Manuel Aparicio: By The Numbers

Manuel Aparicio: By The Numbers

The Aparicio saga is finally over. When rumours of his availability were swirling around last December, either HFX Wanderers or the MLS somewhere were the two options being floated. More recently it was said ATO were in the lead for his signature, however his final destination was still up in the air, even if it seemed like an inevitability for ATO fans. Like all of my articles so far and all those to come, this piece will break down Aparicio’s statistical impact during the 2023 CPL season, project what role he could play in the ATO set-up for next season, cover his statistical CPL career so far, and highlight some of his strengths and weaknesses. As always, my process is broken down here, and it is recommended to read said article if you are new to my work. 


Statistically speaking, 2023 was a down year for Manuel Aparicio (as will become evident when looking at his career numbers dating back to 2019). However, he generally retained the same profile last season as he always has, and still ranked among the 10 best CMs last season. He was very involved in the play (78th percentile in Touches), contributed offensively with a 78.3 G/A ranking, and could beat his man more often than not (73.1 1v1 success ranking). These three categories along with his great tackling ability have remained generally consistent over his five seasons in the CPL, and have cemented his reputation as one of the best midfielders in the league’s history. His 99 CPL appearances both leave him just outside the top-10 for all-time league games, and also remains a testament to his consistency in selection, which ATO has occasionally lacked, especially in the midfield.

If Aparicio has any glaring weaknesses, it is certainly his Pass%, which for four of his five seasons has ranked around or below league average (48th percentile in 2023). He does make up for it with sheer volume, and there is something to be said for relentless attempts to break a defence, however if ATO continues with a counter-attacking mentality in 2024 he will have to improve to be able to properly take advantage of limited opportunities. His Long Ball success ranking is also poor (44.1), another thing that might need working on for 2024. He also ranked awfully both in ground and aerial duels in 2023, another historical trend for him. Granted he isn’t the tallest of players, and clearly he makes up for it with his ability everywhere else on the field, and thus I wouldn’t worry too much about it. 


As touched upon above, 2023 was a down year for Aparicio, and noticeably so. Before last season he typically averaged in the high 60s/low 70s in terms of WPA, and looking at his expanded stats each year reinforces that. As such, he sits just outside the top third of all CPL players to play three or more seasons. Such consistency is very rare for a player at this level, and therefore it wouldn’t be a shock to see him return to form statistically. However, a point must be made for his age, as he is currently 28 years old (and will be turning 29 at the tail end of the season), just about when footballers tend to start declining. Whether 2023 was the first step in such a regression or simply a blip remains to be seen, however even if it is a sign of things to come, a player of his quality and experience would still be a massive boost to Atlético’s hopes of returning to the top of the CPL.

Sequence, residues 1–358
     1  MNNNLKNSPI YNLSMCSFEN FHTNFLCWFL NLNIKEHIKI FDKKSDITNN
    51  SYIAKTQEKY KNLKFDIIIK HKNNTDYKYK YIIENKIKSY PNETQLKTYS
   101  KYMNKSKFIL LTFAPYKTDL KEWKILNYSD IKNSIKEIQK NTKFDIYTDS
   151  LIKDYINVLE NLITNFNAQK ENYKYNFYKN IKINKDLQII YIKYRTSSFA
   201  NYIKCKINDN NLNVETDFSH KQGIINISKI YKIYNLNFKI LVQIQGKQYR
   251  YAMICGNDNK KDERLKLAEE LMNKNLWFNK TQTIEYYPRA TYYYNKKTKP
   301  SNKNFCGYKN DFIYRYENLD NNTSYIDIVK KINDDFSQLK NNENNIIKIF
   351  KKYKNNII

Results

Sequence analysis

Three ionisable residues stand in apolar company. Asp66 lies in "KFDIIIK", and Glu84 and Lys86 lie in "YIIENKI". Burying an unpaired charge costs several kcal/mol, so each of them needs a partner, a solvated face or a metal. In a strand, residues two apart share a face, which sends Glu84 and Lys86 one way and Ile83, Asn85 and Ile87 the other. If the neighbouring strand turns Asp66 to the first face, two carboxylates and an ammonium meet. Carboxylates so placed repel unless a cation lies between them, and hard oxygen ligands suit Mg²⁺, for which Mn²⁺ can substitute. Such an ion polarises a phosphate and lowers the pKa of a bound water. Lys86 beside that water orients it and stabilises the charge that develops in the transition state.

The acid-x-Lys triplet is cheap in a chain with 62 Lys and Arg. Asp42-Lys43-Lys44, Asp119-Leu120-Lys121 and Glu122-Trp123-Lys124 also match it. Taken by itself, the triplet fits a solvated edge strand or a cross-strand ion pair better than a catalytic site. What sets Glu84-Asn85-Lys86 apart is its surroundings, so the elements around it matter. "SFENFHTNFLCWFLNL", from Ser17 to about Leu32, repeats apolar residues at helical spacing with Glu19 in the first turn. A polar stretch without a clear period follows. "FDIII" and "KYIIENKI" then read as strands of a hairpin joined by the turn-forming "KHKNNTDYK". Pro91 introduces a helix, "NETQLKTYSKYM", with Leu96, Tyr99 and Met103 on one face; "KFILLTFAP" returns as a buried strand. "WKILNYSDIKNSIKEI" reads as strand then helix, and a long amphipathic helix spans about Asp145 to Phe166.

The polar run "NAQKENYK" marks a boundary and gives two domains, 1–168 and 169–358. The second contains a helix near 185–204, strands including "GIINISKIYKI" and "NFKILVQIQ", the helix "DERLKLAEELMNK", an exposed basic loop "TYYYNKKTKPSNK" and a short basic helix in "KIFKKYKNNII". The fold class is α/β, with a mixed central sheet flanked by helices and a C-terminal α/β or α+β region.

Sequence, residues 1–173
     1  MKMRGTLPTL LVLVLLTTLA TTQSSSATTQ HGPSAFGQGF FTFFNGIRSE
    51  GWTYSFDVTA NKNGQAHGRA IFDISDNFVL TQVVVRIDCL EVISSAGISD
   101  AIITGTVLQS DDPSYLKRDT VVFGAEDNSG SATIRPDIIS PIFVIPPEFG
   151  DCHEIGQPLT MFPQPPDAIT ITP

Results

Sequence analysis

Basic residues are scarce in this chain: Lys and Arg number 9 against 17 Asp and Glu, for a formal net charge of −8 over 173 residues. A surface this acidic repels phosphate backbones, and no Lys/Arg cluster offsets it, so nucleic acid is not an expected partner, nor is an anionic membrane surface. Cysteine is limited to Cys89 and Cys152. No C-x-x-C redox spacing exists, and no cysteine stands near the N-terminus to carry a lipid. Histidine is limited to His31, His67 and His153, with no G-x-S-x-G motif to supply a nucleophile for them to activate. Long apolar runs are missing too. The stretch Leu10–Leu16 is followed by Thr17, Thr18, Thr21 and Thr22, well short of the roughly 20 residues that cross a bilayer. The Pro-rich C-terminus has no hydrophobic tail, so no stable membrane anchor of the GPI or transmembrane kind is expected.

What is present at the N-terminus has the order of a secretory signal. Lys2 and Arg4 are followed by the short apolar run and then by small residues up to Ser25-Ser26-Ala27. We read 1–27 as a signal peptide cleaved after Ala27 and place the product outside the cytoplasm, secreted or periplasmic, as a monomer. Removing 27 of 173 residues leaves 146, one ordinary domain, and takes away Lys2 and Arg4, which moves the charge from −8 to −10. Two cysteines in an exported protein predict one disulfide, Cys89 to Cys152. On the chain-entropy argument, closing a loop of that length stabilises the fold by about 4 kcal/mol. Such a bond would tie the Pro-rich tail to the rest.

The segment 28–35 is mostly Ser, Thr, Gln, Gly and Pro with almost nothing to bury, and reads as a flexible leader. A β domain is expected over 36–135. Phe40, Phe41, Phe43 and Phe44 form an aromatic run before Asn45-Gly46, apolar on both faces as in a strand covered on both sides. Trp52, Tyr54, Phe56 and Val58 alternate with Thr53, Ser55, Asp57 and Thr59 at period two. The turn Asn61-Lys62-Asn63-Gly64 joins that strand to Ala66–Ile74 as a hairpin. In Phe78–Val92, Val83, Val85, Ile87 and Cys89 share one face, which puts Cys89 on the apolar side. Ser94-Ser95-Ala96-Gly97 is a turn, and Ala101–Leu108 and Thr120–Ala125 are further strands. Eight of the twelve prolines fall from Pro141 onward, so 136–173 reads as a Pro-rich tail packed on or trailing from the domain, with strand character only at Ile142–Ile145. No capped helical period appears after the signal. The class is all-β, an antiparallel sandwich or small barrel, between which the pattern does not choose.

Generally speaking, Aparicio profiles as an offensive-minded Central Midfielder, with decent defensive awareness, if not ability. He has played all three positions of the midfield in the past, however I do think he would work best in his regular position for 2024. In making projections for next season, he would be playing just ahead of Alberto Zapater at CDM, who would provide solid defensive cover if anyone gets past him, and beside/behind Bassett in his more attacking role, with whom he has played the past and could link up with in attack. Of course, this assumes some variation of a three-man midfield unit, which has figured in Carlos Gonzalez’s preferred formations in his time with ATO. These two players, Zapater especially, project well to both cover Aparicio’s faults and complement his strengths, and it wouldn’t be a shock to see them together most of the season (barring injuries of course). Naturally, he will also face stiff competition from Aboubacar Sissoko, who can also play all three midfield positions - ATO have an embarrassment of riches in the centre of the park. One can assume there will be copious amounts of rotation during the season - by my money, Zapater will most likely be the first option to be benched, simply to preserve his legs for a full campaign, with either Sissoko or Aparicio dropping into that spot. 

Finally, aside from his obvious ability, I do think Aparicio’s signing is monumental for another reason that might not be so obvious. Historically, ATO has not boasted of much game-breaking midfield talent (CMs only, so excluding obvious players like Bassett at CAM and Abdoul Sissoko at CDM). In terms of average WPA grade, ATO’s past central midfielders have been comfortably the worst position group in club history, right alongside Left Backs - 48.8 and 46 respectively. In five seasons, there has only been one midfielder of the 8 variety to grade above a 65, and that was McKendry in 2021. Aparicio, whether or not he bounces back, would be a massive reversal of a historically poor trend of players, and can hopefully guide this new-look ATO to a competitive 2024. Aparicio adds another name to a historic off-season for Fernando Lopez, but who knows, there might still be more coming!

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